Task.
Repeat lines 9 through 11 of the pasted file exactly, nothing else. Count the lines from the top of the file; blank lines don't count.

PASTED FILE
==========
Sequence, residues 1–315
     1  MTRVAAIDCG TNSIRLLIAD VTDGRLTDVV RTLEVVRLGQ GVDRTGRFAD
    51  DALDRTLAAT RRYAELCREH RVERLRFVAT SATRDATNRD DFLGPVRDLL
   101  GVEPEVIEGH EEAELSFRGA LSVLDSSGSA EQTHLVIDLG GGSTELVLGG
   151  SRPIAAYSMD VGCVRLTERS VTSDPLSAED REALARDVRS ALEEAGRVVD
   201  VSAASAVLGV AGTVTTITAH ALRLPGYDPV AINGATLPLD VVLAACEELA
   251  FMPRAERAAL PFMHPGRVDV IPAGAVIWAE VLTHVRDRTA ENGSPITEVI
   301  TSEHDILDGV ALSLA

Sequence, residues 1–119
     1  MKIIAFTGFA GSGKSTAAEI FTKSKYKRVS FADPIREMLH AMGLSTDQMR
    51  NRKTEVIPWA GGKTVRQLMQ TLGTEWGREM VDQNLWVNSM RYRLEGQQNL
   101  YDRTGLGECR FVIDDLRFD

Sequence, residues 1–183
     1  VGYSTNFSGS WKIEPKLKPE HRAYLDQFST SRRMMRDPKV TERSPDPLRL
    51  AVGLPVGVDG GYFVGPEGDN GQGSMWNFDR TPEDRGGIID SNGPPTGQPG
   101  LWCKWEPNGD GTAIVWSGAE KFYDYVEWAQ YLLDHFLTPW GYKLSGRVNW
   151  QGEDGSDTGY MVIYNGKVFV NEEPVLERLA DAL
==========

Sequence, residues 1–119
     1  MKIIAFTGFA GSGKSTAAEI FTKSKYKRVS FADPIREMLH AMGLSTDQMR
    51  NRKTEVIPWA GGKTVRQLMQ TLGTEWGREM VDQNLWVNSM RYRLEGQQNL